skip to main content


Search for: All records

Creators/Authors contains: "Bakhoda, Abolghasem Gus"

Note: When clicking on a Digital Object Identifier (DOI) number, you will be taken to an external site maintained by the publisher. Some full text articles may not yet be available without a charge during the embargo (administrative interval).
What is a DOI Number?

Some links on this page may take you to non-federal websites. Their policies may differ from this site.

  1. Commercially available benzophenone imine (HNCPh 2 ) reacts with β-diketiminato copper( ii ) tert -butoxide complexes [Cu II ]–O t Bu to form isolable copper( ii ) ketimides [Cu II ]–NCPh 2 . Structural characterization of the three coordinate copper( ii ) ketimide [Me 3 NN]Cu–NCPh 2 reveals a short Cu-N ketimide distance (1.700(2) Å) with a nearly linear Cu–N–C linkage (178.9(2)°). Copper( ii ) ketimides [Cu II ]–NCPh 2 readily capture alkyl radicals R˙ (PhCH(˙)Me and Cy˙) to form the corresponding R–NCPh 2 products in a process that competes with N–N coupling of copper( ii ) ketimides [Cu II ]–NCPh 2 to form the azine Ph 2 CN–NCPh 2 . Copper( ii ) ketimides [Cu II ]–NCAr 2 serve as intermediates in catalytic sp 3 C–H amination of substrates R–H with ketimines HNCAr 2 and t BuOO t Bu as oxidant to form N -alkyl ketimines R–NCAr 2 . This protocol enables the use of unactivated sp 3 C–H bonds to give R–NCAr 2 products easily converted to primary amines R–NH 2 via simple acidic deprotection. 
    more » « less
  2. null (Ed.)
  3. Abstract

    S‐Nitrosothiols (RSNOs) serve as air‐stable reservoirs for nitric oxide in biology. While copper enzymes promote NO release from RSNOs by serving as Lewis acids for intramolecular electron‐transfer, redox‐innocent Lewis acids separate these two functions to reveal the effect of coordination on structure and reactivity. The synthetic Lewis acid B(C6F5)3coordinates to the RSNO oxygen atom, leading to profound changes in the RSNO electronic structure and reactivity. Although RSNOs possess relatively negative reduction potentials, B(C6F5)3coordination increases their reduction potential by over 1 V into the physiologically accessible +0.1 V vs. NHE. Outer‐sphere chemical reduction gives the Lewis acid stabilized hyponitrite dianiontrans‐[LA‐O‐N=N‐O‐LA]2−[LA=B(C6F5)3], which releases N2O upon acidification. Mechanistic and computational studies support initial reduction to the [RSNO‐B(C6F5)3] radical anion, which is susceptible to N−N coupling prior to loss of RSSR.

     
    more » « less
  4. Abstract

    S‐Nitrosothiols (RSNOs) serve as air‐stable reservoirs for nitric oxide in biology. While copper enzymes promote NO release from RSNOs by serving as Lewis acids for intramolecular electron‐transfer, redox‐innocent Lewis acids separate these two functions to reveal the effect of coordination on structure and reactivity. The synthetic Lewis acid B(C6F5)3coordinates to the RSNO oxygen atom, leading to profound changes in the RSNO electronic structure and reactivity. Although RSNOs possess relatively negative reduction potentials, B(C6F5)3coordination increases their reduction potential by over 1 V into the physiologically accessible +0.1 V vs. NHE. Outer‐sphere chemical reduction gives the Lewis acid stabilized hyponitrite dianiontrans‐[LA‐O‐N=N‐O‐LA]2−[LA=B(C6F5)3], which releases N2O upon acidification. Mechanistic and computational studies support initial reduction to the [RSNO‐B(C6F5)3] radical anion, which is susceptible to N−N coupling prior to loss of RSSR.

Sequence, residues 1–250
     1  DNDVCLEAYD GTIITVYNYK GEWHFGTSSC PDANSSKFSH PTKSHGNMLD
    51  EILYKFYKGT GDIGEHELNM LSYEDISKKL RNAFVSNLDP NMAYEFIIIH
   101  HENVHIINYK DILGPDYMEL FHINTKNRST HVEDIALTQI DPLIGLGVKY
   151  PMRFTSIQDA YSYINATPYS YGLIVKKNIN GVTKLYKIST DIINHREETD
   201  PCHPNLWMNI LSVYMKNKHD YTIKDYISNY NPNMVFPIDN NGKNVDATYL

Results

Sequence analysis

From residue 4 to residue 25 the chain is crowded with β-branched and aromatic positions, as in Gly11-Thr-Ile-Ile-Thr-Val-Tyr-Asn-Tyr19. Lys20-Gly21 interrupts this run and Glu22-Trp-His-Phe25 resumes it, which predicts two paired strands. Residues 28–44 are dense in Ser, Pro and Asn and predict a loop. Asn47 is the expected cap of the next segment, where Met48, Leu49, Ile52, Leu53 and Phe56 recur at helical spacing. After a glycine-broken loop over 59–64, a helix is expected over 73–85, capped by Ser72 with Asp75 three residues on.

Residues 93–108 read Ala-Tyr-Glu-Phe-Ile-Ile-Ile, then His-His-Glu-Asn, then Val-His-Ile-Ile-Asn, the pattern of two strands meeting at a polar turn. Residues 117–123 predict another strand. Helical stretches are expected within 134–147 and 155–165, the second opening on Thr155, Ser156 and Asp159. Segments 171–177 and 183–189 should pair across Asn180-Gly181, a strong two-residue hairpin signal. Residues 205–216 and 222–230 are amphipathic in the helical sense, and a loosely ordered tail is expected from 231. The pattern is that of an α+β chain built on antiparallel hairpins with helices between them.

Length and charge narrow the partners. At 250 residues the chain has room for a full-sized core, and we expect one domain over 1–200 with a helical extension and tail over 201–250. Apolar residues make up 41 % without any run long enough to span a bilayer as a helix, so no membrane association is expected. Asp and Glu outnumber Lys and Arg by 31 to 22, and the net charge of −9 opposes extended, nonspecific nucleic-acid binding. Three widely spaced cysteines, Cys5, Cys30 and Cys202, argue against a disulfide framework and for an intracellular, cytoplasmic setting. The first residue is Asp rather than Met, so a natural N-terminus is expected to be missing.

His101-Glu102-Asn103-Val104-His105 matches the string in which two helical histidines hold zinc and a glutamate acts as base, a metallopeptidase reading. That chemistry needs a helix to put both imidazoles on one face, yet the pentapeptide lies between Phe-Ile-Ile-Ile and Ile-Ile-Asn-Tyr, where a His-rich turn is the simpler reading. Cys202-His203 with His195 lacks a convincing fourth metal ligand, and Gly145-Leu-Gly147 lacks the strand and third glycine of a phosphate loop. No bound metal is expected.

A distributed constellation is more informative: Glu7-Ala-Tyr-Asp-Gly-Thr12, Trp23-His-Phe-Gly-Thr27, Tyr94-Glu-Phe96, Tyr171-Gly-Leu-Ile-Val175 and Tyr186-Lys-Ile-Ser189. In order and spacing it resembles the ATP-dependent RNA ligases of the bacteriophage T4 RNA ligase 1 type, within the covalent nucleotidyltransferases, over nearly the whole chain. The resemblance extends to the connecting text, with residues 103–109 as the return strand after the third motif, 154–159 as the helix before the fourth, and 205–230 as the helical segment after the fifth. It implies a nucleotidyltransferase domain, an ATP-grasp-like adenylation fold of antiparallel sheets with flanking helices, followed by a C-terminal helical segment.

more » « less
  5. Abstract

    Undirected C(sp3)−H functionalization reactions often follow site‐selectivity patterns that mirror the corresponding C−H bond dissociation energies (BDEs). This often results in the functionalization of weaker tertiary C−H bonds in the presence of stronger secondary and primary bonds. An important, contemporary challenge is the development of catalyst systems capable of selectively functionalizing stronger primary and secondary C−H bonds over tertiary and benzylic C−H sites. Herein, we report a Cu catalyst that exhibits a high degree of primary and secondary over tertiary C−H bond selectivity in the amidation of linear and cyclic hydrocarbons with aroyl azides ArC(O)N3. Mechanistic and DFT studies indicate that C−H amidation involves H‐atom abstraction from R‐H substrates by nitrene intermediates [Cu](κ2N,O‐NC(O)Ar) to provide carbon‐based radicals R.and copper(II)amide intermediates [CuII]‐NHC(O)Ar that subsequently capture radicals R.to form products R‐NHC(O)Ar. These studies reveal important catalyst features required to achieve primary and secondary C−H amidation selectivity in the absence of directing groups.

     
    more » « less
  6. Abstract

    Undirected C(sp3)−H functionalization reactions often follow site‐selectivity patterns that mirror the corresponding C−H bond dissociation energies (BDEs). This often results in the functionalization of weaker tertiary C−H bonds in the presence of stronger secondary and primary bonds. An important, contemporary challenge is the development of catalyst systems capable of selectively functionalizing stronger primary and secondary C−H bonds over tertiary and benzylic C−H sites. Herein, we report a Cu catalyst that exhibits a high degree of primary and secondary over tertiary C−H bond selectivity in the amidation of linear and cyclic hydrocarbons with aroyl azides ArC(O)N3. Mechanistic and DFT studies indicate that C−H amidation involves H‐atom abstraction from R‐H substrates by nitrene intermediates [Cu](κ2N,O‐NC(O)Ar) to provide carbon‐based radicals R.and copper(II)amide intermediates [CuII]‐NHC(O)Ar that subsequently capture radicals R.to form products R‐NHC(O)Ar. These studies reveal important catalyst features required to achieve primary and secondary C−H amidation selectivity in the absence of directing groups.

     
    more » « less